Friar Bacon and Friar Bungay

Title page of 1630 printing of Friar Bacon and Friar Bungay.

Friar Bacon and Friar Bungay, originally entitled The Honorable Historie of Frier Bacon and Frier Bongay, is an Elizabethan era stage play, a comedy written by Robert Greene. Widely regarded as Greene's best and most significant play, it has received more critical attention than any other of Greene's dramas.[1]


The date of authorship of Friar Bacon and Friar Bungay cannot be fixed with certainty on the basis of the available evidence; the play is normally dated to the 158892 period. 1589 may be the single most likely year: a line in the play's opening scene, "Next Friday is S. James," fixes St. James's Day (25 July, the feast day of St. James the Great) as a Friday, which was true in 1589. Some critics argue that the magic in Greene's play was inspired by the magic in Marlowe's Doctor Faustus, which if valid would mean that FBFB must post-date Faustus; Greene's play also has relationships with several other plays of its era, most notably Fair Em. Yet since none of the plays in question can be dated with absolute certainty, the nature of the relationships among them are open to question and cannot resolve the pertinent dating issues.

The title page of the play's first edition (see below) asserts that FBFB was originally acted by Queen Elizabeth's Men, as were several of Greene's other plays. When that company entered a period of difficulties in the early 1590s, the play appears to have passed into the control of theatre manager and impresario Philip Henslowe, and thereafter to have been performed by Henslowe-connected acting troupes. Lord Strange's Men performed the play on 19 February 1592 at the Rose Theatre; it was acted again by a combination of the Queen's Men and Sussex's Men on 1 April 1594. The play then passed into the repertory of the Admiral's Men; that company paid Thomas Middleton to write a Prologue and Epilogue for a Court performance in 1602.

FBFB was entered into the Stationers' Register on 14 May 1594, and was published later that year in quarto by the bookseller Edward White. The title page assigns the play to Greene. A second quarto was issued in 1630 by Elizabeth Allde; the Q2 title page states that the play was "lately played by the Prince Palatine his Servants" the Admiral's Men in a later incarnation. A third quarto followed in 1655 from Jean Bell.[2] Contemporary allusions indicate that the play was even more popular than its limited publication history indicates; references to the play are common in the literature of the era.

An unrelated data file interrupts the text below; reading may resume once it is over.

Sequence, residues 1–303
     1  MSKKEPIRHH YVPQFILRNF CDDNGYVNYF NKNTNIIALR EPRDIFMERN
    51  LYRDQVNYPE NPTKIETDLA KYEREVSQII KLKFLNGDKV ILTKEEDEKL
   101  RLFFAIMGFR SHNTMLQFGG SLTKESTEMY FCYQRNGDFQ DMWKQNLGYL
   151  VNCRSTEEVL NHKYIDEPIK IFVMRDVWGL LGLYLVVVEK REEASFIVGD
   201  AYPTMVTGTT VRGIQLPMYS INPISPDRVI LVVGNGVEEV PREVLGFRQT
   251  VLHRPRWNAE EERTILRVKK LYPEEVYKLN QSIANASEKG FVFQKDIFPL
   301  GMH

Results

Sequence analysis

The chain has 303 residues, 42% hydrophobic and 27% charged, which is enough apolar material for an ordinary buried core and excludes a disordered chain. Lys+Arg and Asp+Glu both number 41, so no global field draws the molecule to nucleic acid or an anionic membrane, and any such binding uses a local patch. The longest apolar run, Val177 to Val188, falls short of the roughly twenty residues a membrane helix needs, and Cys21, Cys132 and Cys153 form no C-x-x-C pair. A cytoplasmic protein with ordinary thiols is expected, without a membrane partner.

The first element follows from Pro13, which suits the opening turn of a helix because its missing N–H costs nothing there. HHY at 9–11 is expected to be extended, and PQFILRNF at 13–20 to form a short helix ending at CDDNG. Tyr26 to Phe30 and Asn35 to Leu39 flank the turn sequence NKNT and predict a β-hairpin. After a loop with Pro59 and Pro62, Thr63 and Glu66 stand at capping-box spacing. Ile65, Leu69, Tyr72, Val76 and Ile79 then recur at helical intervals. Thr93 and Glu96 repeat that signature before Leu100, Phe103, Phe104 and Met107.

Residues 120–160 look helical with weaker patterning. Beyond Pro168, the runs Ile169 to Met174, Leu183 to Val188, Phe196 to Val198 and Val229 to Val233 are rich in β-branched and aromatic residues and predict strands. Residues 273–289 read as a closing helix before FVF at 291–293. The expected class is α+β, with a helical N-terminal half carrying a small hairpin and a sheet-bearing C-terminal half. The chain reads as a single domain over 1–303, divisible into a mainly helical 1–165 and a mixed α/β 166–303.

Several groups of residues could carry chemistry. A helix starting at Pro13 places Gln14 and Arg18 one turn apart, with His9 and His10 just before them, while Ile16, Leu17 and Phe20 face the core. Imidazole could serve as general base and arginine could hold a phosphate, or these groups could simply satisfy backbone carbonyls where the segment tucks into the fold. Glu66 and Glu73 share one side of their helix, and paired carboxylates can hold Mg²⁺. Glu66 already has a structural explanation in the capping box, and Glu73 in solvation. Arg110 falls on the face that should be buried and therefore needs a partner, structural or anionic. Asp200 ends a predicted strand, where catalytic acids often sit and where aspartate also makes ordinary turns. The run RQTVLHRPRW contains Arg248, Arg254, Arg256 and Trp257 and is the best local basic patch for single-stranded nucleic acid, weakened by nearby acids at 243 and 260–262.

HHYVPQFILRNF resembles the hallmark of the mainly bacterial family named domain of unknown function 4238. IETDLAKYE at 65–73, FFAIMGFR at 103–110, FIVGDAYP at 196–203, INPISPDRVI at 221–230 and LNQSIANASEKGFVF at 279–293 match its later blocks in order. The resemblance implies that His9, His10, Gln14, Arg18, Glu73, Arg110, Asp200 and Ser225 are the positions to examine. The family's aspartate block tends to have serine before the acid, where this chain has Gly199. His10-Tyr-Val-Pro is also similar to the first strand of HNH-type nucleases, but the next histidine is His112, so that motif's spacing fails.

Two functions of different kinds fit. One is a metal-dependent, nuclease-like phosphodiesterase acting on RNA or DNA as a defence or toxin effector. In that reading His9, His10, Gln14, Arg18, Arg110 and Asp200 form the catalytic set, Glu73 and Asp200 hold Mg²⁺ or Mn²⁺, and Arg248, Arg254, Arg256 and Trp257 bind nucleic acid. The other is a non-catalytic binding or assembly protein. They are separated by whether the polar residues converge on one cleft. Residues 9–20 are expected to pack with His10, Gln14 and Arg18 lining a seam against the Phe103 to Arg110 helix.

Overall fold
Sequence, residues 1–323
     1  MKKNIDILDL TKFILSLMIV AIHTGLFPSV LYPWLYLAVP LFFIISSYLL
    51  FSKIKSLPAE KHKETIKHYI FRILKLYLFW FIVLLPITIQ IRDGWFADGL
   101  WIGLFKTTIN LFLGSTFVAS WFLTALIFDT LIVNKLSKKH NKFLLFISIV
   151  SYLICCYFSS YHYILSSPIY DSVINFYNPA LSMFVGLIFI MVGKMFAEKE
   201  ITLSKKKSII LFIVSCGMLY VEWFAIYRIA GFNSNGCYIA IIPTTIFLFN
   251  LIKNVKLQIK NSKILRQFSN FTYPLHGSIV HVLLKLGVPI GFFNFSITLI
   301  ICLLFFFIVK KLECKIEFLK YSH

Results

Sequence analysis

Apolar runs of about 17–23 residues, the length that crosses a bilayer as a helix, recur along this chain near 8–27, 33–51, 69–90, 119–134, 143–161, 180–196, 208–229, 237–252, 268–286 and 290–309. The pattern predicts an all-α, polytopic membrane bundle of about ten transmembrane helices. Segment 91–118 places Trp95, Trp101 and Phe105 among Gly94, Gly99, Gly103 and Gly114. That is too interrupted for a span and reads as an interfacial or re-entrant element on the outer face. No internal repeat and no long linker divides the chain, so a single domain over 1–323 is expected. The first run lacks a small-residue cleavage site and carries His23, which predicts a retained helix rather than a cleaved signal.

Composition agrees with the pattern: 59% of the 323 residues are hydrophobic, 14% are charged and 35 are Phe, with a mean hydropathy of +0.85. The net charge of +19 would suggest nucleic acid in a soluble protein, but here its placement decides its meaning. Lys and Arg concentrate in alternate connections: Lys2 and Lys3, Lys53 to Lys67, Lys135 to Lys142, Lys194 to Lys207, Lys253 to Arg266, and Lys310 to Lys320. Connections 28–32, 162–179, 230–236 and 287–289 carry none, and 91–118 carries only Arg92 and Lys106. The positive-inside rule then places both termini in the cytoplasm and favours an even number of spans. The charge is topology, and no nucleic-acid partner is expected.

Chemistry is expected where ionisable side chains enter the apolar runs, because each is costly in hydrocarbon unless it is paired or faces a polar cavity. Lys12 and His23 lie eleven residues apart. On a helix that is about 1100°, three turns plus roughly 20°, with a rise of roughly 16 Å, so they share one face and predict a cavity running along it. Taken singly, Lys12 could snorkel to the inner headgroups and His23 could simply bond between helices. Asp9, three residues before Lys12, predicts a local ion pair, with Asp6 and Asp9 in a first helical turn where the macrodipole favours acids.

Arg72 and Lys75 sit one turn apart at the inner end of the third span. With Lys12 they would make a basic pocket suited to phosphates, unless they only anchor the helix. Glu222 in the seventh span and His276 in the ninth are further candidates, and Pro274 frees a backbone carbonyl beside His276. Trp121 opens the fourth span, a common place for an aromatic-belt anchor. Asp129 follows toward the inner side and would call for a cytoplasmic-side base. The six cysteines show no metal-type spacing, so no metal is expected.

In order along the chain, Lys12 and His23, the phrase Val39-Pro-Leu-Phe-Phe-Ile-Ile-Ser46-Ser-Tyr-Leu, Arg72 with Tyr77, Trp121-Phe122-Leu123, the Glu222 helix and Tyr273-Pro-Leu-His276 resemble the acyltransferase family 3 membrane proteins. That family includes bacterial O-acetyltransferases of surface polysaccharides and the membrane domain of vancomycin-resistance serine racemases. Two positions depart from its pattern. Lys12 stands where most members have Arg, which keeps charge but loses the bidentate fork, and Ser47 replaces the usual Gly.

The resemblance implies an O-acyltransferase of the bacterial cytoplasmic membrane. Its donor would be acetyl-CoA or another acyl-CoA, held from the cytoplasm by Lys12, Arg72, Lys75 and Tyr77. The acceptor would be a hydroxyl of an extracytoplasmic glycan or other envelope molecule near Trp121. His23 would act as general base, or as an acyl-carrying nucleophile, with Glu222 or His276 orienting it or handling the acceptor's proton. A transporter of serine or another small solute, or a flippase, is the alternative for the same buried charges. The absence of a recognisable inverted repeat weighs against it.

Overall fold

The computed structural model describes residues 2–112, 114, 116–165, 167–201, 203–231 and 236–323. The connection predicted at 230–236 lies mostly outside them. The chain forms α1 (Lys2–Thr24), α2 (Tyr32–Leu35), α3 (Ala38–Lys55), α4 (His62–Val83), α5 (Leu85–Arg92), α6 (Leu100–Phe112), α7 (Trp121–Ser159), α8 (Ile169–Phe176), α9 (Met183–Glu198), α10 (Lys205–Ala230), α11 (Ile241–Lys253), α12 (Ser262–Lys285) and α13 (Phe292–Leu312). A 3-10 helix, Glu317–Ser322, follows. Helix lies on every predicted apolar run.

Greene's primary source for his play was an anonymous sixteenth-century prose romance titled The Famous History of Friar Bacon (c. 1555?). The earliest extant printed edition of this work dates from 1627, long after both FBFB and Greene's 1592 death; manuscript versions, and perhaps one or more earlier printed editions, underlie the 1627 text. The relationship between FBFB and other plays of its era, some of which may have served as sources, has been noted above. FBFB also has a complex set of commonalities with the earlier Medieval drama of the morality play.[3]

The "Friar Bacon" of the title is Roger Bacon, the thirteenth-century polymath who later enjoyed a popular reputation as a magician. The second friar was Bacon's late contemporary Thomas Bungay. Bungay was a fellow Franciscan who wrote a commentary on Aristotle's De Caelo[4] and served as the Franciscans' Minister Provincial over England during the mid-1270s.

In addition to Roger Bacon, the tale of the Brazen Head was connected with several other prominent figures of the later Middle Ages, including Robert Grosseteste and Gerbert of Aurillac. In one account, Albertus Magnus formed the brazen head, only to have it broken by Thomas Aquinas.[5]


Friar Bacon and Friar Bungay is recognized as a groundbreaking play in terms of multiple-plot structure; it has three plots, or two, or four, depending on different scholars' analyses.[6]

Prince Edward, the son and heir of King Henry III, plans to seduce Margaret, the Fair Maid of Fressingfield, with the help of the necromancer Friar Bacon. Edward also employs a more conventional approach, relying on the eloquence of his friend Earl Lacy to help with the seduction. Lacy goes to persuade Margaret, but quickly falls in love with her himself. When Edward learns of the love of Lacy and Margaret, he threatens to kill his friend before he masters his passion and reconciles himself to the fact. Edward returns to Court, where he falls in love with and marries Elinor of Castile, the bride his father has chosen for him.